• Although this is currently written to be run in Pig we may migrate in the future to different platforms.

Obviously, more can be done. We welcome ideas on how to make the code better.  Feel free to make a pull request!

Conclusion


We’re excited to introduce Surus and share with the world in the upcoming months various UDF’s we find helpful while analyzing data at Netflix. ScorePMML was a big win for Netflix as we sought to streamline our processing and to minimize the time to production for our models. We hope that with this function (and others soon to be released) that you’ll be able to spend more time making cool stuff and less time struggling with the mundane.

Known Issues/Limitations


  • ScorePMML is built on jPMML 1.0.19, which doesn’t fully support the 4.2 PMML specification (as defined by the Data Mining Group). At the time of this writing not all enumerated missing value strategies are supported. This caused problems when we wanted to implement GBMs in PMML, so we had to add extra nodes in each tree to properly handle missing values.
  • Hive 0.12.0 (and thus Pig) has strict naming conventions for columns/relations which are relaxed in PMML. Non alpha-numeric characters in column names are not supported in ScorePMML. Please see the Hive documentation for more details on column naming in the Hive metastore.

Additional Resources


  • The Data Mining Group PMML Spec: The 4.1.2 specification is currently supported. The 4.2 version of the PMML spec is not currently supported. The DMG page will give you a sense of which model types are supported and how they are described in PMML.
  • jPMML: A collection of GitHub projects that contain tools for using PMML. Including an alternative Pig implementation, jpmml-pig, written by Villu Ruusmann.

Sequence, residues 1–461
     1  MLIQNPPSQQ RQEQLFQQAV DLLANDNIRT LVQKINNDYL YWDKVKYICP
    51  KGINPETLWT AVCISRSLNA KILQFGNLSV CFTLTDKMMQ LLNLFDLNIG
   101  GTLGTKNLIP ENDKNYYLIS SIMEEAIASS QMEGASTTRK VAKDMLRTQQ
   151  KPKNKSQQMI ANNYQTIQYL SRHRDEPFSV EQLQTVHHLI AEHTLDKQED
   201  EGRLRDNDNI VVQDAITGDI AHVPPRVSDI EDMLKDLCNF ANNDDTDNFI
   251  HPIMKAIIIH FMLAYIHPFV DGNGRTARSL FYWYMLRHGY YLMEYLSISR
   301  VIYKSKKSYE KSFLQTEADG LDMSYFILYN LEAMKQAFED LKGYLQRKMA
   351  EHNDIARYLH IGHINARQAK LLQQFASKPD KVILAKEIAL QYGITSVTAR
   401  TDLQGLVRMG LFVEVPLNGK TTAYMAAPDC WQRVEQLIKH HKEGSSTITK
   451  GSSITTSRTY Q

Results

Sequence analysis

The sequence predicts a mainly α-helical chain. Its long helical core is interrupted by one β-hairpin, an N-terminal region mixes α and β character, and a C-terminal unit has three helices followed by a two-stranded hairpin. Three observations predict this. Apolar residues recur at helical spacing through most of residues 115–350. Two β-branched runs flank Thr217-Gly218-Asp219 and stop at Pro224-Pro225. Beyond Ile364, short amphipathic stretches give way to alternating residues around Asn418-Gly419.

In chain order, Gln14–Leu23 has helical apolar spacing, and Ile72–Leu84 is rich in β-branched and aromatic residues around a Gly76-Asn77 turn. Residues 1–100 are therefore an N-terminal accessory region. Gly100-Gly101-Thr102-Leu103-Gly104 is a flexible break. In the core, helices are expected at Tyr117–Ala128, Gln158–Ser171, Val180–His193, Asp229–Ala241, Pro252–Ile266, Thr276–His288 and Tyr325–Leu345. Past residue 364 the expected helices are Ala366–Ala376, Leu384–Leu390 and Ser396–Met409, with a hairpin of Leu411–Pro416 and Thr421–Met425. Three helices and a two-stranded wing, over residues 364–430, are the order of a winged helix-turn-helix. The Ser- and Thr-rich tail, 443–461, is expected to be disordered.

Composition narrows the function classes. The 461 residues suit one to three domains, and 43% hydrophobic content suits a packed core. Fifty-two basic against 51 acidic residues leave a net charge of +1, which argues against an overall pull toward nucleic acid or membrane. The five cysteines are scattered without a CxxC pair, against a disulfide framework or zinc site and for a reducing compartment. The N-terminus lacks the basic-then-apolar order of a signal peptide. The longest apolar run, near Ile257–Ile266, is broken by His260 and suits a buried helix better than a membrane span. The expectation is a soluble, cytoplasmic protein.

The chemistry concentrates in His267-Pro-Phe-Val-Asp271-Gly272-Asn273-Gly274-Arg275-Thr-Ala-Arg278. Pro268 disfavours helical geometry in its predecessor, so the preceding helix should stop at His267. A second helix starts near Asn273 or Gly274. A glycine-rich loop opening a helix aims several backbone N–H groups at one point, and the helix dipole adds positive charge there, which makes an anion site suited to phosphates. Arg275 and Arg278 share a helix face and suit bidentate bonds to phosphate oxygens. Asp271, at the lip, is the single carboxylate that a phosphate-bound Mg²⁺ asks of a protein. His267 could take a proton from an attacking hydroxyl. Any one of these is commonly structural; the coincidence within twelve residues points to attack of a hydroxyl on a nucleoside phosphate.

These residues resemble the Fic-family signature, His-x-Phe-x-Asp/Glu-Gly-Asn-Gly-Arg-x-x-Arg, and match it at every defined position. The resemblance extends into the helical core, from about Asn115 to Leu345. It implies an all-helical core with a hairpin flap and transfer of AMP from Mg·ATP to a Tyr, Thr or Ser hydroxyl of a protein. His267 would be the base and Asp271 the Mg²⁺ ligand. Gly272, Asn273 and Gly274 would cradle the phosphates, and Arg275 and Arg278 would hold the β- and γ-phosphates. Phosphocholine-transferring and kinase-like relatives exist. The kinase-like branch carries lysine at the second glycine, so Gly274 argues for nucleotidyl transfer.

• RPMML: An R-package for creating PMML files from common predictive modeling objects.

Friday, December 12, 2014

Introducing Atlas: Netflix's Primary Telemetry Platform

Various previous Tech Blog posts have referred to our centralized monitoring system, and we've presented at least one talk about it previously. Today, we want to both discuss the platform and ecosystem we built for time-series telemetry and its capabilities and announce the open-sourcing of its underlying foundation.


How We Got Here

While working in the datacenter, telemetry was split between an IT-provisioned commercial product and a tool a Netflix engineer wrote that allowed engineers to send in arbitrary time-series data and then query that data. This tool's flexibility was very attractive to engineers, so it became the primary system of record for time series data. Sadly, even in the datacenter we found that we had significant problems scaling it to about two million distinct time series. Our global expansion, increase in platforms and customers and desire to improve our production systems' visibility required us to scale much higher, by an order of magnitude (to 20M metrics) or more. In 2012, we started building Atlas, our next-generation monitoring platform. In late 2012, it started being phased into production, with production deployment completed in early 2013.